New Documents Reveal Guadalupe-Blanco River Authority's Detailed Design For New Lake Dunlap Dam
This story has been updated to reflect a new cost estimate from GBRA.
A preliminary design from the Guadalupe-Blanco River Authority (GBRA) shows the potential new spill gates and structural reinforcement at the severely damaged Lake Dunlap dam.
The old spill gates collapsed in 2019, resulting in the drainage of the lake. Part of the dam remains in place.
According to the documents, obtained through an open records request, the total cost of the planned construction at Lake Dunlap was just over $32 million. A previous plan discussed in October 2019 had a price tag of $24 million. GBRA raised the cost estimate in September 2020 to about $34.8 million, with a possible range from about $29.6 million to $41.8 million.
A preliminary bid document dated to March 2020 asks project bidders to "assume a notice to proceed date of April 01, 2021." The document notes that the date is an estimate.
An October trial will decide who pays for the repairs, as well as the future of Lakes McQueeny, Placid, Meadow and Gonzales. More than 300 lake-side property owners are suing GBRA over its plan to lower the four other lakes.
As the litigation continues, water-side property owners — some of whom live in other cities, like Houston — have begun the process of forming small taxing districts to pay for the repairs themselves. Residents who live in the Lake Dunlap and Lake McQueeny districts will vote for or against the proposed districts in November.
The property owners’ attorney, Douglas Sutter, said the hydraulic design is far too expensive.
“They (GBRA) chose the most expensive dam possible so that the taxing districts have no way to pay for it,” he said. “It’s outrageous.”
He said there are much cheaper options that will still be effective.
In a written statement, GBRA said “Doug Sutter is a trial lawyer from Houston. He owns a lake house on McQueeney, and he represents himself, some of his neighbors and others suing GBRA. To the best of our knowledge, he has no expertise on hydroelectric facilities, dam design, or spill gate operation and maintenance.”
The agency also said the necessary taxes to pay for new spill gates at the lakes varies from district to district, but on average, a property valued at $100,000 would pay between $200 and $500 per year, and a property valued at $1 million would pay between $2,000 and $5,000 per year.
“This assessment cost could be less with GBRA committing revenue from the sale of hydroelectricity,” GBRA said.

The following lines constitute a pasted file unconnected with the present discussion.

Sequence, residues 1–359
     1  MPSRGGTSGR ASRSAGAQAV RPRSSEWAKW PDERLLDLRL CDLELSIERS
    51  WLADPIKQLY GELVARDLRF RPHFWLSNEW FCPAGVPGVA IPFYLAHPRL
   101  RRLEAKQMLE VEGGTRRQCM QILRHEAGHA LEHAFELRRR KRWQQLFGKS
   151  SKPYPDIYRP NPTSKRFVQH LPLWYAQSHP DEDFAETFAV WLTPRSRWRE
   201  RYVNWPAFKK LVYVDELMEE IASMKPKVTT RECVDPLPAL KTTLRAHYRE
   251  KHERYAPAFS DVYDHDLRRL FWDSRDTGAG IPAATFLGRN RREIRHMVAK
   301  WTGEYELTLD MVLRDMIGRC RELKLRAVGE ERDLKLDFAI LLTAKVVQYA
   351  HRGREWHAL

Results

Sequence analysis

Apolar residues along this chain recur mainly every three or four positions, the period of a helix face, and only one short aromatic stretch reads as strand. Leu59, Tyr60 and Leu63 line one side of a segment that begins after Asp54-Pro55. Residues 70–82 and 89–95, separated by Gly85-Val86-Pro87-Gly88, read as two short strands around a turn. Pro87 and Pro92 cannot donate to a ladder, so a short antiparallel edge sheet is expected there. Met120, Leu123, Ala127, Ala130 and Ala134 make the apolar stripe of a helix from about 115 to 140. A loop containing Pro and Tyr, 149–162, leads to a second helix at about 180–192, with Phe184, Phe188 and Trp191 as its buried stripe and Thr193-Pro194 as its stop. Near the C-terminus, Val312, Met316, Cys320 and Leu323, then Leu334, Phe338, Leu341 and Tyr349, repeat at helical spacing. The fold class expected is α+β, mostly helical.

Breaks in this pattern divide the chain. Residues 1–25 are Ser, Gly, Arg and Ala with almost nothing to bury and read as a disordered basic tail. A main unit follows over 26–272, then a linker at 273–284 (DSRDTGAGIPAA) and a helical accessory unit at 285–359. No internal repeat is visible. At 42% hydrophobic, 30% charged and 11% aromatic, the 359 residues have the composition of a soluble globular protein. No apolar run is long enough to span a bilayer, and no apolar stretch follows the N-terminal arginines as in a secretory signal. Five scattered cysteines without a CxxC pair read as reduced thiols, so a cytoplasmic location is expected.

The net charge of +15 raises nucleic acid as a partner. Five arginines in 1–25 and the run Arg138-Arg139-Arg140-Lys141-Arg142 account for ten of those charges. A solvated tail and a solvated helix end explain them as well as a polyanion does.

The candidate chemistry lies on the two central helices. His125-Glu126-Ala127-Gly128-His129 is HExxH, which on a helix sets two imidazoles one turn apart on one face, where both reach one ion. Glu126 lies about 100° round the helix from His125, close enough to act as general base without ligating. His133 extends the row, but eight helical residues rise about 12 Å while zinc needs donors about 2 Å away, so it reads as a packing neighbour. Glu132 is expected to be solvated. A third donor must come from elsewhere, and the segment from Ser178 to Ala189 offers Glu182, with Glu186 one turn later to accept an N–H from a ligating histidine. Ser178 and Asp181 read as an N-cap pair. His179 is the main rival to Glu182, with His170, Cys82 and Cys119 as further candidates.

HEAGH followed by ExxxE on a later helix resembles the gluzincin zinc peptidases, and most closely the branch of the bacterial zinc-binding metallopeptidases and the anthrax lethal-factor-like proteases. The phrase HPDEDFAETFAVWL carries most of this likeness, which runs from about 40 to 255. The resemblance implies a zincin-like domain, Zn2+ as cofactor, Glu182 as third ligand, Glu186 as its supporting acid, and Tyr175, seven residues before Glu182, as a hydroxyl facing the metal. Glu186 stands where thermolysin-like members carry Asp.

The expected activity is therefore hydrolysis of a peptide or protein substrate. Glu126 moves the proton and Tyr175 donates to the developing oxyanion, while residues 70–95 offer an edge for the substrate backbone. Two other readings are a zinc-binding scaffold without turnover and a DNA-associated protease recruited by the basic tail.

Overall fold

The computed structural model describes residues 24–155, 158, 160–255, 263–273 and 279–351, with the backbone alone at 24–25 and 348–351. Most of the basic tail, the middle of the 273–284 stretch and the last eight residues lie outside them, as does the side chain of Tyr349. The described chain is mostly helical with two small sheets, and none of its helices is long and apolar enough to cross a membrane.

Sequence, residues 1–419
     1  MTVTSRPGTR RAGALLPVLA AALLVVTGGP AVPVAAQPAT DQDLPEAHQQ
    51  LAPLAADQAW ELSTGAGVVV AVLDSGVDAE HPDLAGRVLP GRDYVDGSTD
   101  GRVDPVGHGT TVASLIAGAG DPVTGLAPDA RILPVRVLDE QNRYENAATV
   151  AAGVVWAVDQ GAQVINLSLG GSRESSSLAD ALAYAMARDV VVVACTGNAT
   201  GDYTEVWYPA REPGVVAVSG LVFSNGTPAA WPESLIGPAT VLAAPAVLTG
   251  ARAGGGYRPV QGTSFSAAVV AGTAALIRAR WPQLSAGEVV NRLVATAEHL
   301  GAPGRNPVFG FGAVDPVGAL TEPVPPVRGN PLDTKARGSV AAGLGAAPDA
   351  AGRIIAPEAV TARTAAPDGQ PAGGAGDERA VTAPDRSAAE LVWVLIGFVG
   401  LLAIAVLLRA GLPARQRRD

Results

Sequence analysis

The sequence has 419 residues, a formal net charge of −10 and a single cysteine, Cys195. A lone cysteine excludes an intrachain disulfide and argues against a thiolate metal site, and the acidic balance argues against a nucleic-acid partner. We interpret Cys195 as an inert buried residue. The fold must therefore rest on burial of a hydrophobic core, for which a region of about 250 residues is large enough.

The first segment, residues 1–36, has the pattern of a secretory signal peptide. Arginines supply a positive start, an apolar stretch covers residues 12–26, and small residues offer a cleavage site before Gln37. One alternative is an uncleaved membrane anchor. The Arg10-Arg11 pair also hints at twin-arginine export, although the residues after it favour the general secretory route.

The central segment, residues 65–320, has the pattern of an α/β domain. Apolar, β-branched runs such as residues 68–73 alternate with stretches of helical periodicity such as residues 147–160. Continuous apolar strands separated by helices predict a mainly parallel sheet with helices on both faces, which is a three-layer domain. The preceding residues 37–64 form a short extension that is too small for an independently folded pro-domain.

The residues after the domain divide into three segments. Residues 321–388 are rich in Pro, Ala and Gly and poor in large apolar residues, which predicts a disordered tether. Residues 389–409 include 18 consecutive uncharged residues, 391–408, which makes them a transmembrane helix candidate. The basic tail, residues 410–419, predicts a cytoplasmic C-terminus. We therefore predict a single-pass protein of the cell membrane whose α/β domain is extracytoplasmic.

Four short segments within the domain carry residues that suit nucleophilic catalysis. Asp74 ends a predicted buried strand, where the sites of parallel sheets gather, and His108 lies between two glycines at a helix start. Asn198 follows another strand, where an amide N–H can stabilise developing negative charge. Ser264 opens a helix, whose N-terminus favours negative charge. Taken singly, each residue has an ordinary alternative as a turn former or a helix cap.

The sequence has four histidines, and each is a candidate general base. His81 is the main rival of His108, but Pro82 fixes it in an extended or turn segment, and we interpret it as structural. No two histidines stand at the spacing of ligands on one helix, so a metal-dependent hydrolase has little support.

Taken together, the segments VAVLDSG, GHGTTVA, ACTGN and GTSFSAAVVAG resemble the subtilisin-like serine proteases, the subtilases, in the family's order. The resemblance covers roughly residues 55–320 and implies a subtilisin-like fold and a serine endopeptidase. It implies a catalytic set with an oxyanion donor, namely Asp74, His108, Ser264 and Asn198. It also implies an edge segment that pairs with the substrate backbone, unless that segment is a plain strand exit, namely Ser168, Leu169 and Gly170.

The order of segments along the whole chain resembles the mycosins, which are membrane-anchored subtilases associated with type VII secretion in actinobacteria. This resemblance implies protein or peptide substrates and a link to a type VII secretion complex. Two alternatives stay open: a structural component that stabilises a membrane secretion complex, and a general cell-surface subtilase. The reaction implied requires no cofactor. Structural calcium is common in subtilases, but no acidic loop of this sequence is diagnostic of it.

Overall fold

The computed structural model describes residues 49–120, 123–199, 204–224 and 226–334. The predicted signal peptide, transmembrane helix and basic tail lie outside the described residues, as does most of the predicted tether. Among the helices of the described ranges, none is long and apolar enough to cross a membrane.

According to GBRA, the collapse of spill gates at Lake Wood and Lake Dunlap could be repeated at the other lakes at any time. The agency said such a collapse could cause harm to life and property, and it wants to drain the lakes to avoid that outcome.
GBRA experienced a spillgate failure Tuesday morning, May 14. This video shows the precise moment the middle gate collapsed resulting in the dewatering of Lake Dunlap. GBRA will provide periodic updates regarding recreational, safety or water supply issues. pic.twitter.com/xqRTlTNgg9— GBRA (@GBRATX) May 15, 2019
But area landowners question the gravity of the safety threat. They are concerned about the local economies and the value of their properties. They want GBRA to pay for the repair and replacement of the remaining and collapsed dams.
Bob Gilbert is the chair of the department of civil, architectural and environmental engineering at the University of Texas at Austin. He said improving this kind of aged infrastructure won’t come cheap.
“What I do understand is the dams were designed a long time ago, and they were not designed according to the standards and guidelines that we have today,” Gilbert said. “So, if you're going to do anything to those dams to try to improve them, the first step would be to try to get them up to today's standards and guidelines. And that may be a very, very expensive thing to do.”
He said developers need to consider the state of infrastructure in the area before building, and governmental agencies need to be proactive about maintaining infrastructure.
“We need to be really thoughtful about what we're doing and making sure we're planning for the future,” he said. “Not just assuming that everything's going to be fine and sweeping the problems under the rug.”
Mark Ogden is a technical specialist with the Association of State Dam Safety Officials. He also sits on the American Society of Civil Engineers’ Committee on America’s Infrastructure, which authored a 2017 report card that took a comprehensive look at the country’s instructure.
According to Ogden, more than 2,300 of the nation’s 91,000 dams are in poor or unsatisfactory condition, and are also considered “high-risk potential” — failure will lead to probable loss of life.
“There is some known deficiency that needs to be corrected with those dams,” he said. “And the situation that we saw with the failures in Michigan (in May), you know, unfortunately, that is something that could play out in other places.”
Without a clear authority tasked with maintenance, Ogden said, dams can deteriorate to a dangerous condition.
“It's really important that the owner or the responsible parties come together and figure that out, so that this piece of infrastructure can be maintained and operated safely,” he said.
“Both for the use and the benefit of whatever that structure was designed to do to — whatever it was designed to provide — and also, most importantly, for the safety of people who may live in that property downstream of those dams, to make sure that they're not impacted if the dam were to fail.”
GBRA and the landowners were in court earlier this week, and the trial is slated for October.
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